From the time that Ulysses S. Grant became a household name in America—during the Civil War—and particularly following Lincoln’s assassination, there was no more popular American in the remainder of the Nineteenth Century. The presidential election of 1868 showed the level of support that Grant had: although it was his first election, he won the entirety of the Midwest and New England and even took six of the former Confederate states. He was always going to be a formidable opponent. As the election of 1872 approached, it became clear that Grant, a Republican, would not have to vie for re-election against a candidate with the stature of a fellow former general or even a well-established politician; instead, his challenger would be the founder and editor of a newspaper: Horace Greeley, a Democrat. Although Greeley had one term in the House of Representatives at the end of the 1840s, his following stemmed not from his brief time as a politician but rather the incisive pieces that he wrote and published in his newspaper, the New-York Tribune. As loyal as his readers were, there remained a question whether Greeley’s following could grow to unseat the man who still, seven years after the war, was viewed as bringing peace and prosperity to the country.
When it comes to presidential elections, voters and the media look to the candidates’ respective records to get a sense of what each potential presidency could be. With Grant being an incumbent, there would be little mystery of how a second term would look; Greeley, having accomplished little during his one term in the House over 20 years prior, would be scrutinized based on the company he kept and the numerous articles he published in the Tribune. The New-York Times, then a strongly and openly Republican newspaper, published a “campaign edition” which detailed Greeley’s “chief supporters” as including William Tweed, the “Boss Thief of the world.”[i] That campaign edition also recounted Greeley’s positions during the war: first, he encouraged the South’s rebellion, even endorsing secession, pledging his support, and then insisting on letting the South “go in peace” only to reverse course and turn on the South once the war began: he suggested dividing up the Confederacy’s land, bringing “privation” to the wives and children of Confederates, and then “exterminat[ing]” them.[ii] Despite the fact that Greeley was running as a Democrat, he had shown no loyalty to party in his newspaper: the Democrats were comprised of the “lewd, ruffianly, criminal, and dangerous classes,” and the “essential articles” of the party’s creed were to “love rum and hate niggers. The less one learns and knows, the more certain he is to vote the regular ticket.”[iii]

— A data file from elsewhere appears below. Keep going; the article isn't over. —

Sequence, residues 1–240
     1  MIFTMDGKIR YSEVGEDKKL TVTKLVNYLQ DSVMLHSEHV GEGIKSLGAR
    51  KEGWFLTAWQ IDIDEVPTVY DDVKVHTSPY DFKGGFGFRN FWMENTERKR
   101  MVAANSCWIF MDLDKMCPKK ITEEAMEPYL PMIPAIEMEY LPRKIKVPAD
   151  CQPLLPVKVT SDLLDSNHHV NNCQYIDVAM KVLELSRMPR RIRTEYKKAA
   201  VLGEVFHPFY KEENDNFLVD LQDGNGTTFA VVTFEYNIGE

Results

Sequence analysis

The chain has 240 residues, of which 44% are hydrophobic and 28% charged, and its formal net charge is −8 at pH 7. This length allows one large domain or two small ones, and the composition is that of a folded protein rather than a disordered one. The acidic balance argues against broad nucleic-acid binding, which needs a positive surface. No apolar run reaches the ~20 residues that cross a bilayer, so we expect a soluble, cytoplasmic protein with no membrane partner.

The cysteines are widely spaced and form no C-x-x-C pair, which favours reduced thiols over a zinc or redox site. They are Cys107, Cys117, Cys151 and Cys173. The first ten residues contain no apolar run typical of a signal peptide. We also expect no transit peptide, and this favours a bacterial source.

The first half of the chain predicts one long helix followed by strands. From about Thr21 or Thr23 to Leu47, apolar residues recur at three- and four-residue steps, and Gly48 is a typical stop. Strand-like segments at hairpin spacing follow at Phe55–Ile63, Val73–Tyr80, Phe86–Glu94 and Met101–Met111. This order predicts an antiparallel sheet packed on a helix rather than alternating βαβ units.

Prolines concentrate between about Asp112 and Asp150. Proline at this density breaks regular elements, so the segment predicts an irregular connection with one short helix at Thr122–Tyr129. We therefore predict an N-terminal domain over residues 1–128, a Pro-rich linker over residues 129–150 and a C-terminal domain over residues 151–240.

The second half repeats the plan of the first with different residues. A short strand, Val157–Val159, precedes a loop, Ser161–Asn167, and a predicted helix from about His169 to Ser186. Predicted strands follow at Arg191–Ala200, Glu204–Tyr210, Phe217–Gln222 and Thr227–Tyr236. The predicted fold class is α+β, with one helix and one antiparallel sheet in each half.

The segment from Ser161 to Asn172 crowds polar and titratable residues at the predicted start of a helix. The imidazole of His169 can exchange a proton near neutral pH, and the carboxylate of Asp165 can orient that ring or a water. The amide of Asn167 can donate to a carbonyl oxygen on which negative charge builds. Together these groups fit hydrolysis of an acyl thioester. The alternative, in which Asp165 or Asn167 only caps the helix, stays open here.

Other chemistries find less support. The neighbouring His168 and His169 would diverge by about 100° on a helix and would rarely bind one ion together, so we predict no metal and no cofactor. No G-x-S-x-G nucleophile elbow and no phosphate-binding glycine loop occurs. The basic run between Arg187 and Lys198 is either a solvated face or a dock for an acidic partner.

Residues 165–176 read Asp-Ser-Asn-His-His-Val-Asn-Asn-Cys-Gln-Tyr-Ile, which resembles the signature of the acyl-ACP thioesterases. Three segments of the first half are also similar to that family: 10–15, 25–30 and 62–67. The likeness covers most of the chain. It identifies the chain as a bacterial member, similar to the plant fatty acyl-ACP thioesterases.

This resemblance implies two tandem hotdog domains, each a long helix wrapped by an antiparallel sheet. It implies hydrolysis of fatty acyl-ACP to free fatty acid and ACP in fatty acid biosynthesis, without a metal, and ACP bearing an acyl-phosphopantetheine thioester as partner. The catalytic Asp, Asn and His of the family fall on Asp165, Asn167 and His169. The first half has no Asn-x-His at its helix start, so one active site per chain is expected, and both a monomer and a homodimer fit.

For some, the appeal of Greeley was his coarseness, his unsavory beliefs. For others, it was more principled, more ideological. In the years leading up to the election, Americans had started to see a more active, growing federal government, and with that came regulations. Many potential voters saw that the Grant administration was no better than its predecessors when it came to corruption and patronage; and there was also a growing belief that any regulation—even that stemming from experts who swore that the changes would benefit the common man—was worse than having no regulation.[iv] Greeley was not the natural fit for filling the role of principled Democrat, and other men had been considered for the nomination: Charles Francis Adams, Sr., the son and grandson of Presidents John Adams and John Quincy Adams, had been a leading contender until his “supporters mismanaged their attempt to nominate him” and had him appear as “contradictory, arrogant, and daft.”[v] Greeley was the beneficiary of Adams’ mistakes, but as the Democratic nominee, he had a reputation to overcome; a reputation that left some to view him as “conceited, ignorant, half cracked, [and] obstinate.”[vi] He was a relic of antebellum America: he did not support wage labor; he insisted on self-reliance; he “opposed strikes, refused to embrace legislation for the eight-hour day, urged reconciliation between ex-Confederates and Unionists, and repudiated Reconstruction.”[vii] He was no ideologue, however. Many of the Democratic Party’s fundamental policies, such as free trade, Greeley would never have come to espouse. Frederick Douglass, in the New-York Times, denounced Greeley’s candidacy and called Greeley “an uncertain man; an inconsistent man; one whom you do not know today and can give no guess what he will do to-morrow, what he will say to-morrow, what principles he will advocate, what measures he will propose.”[viii]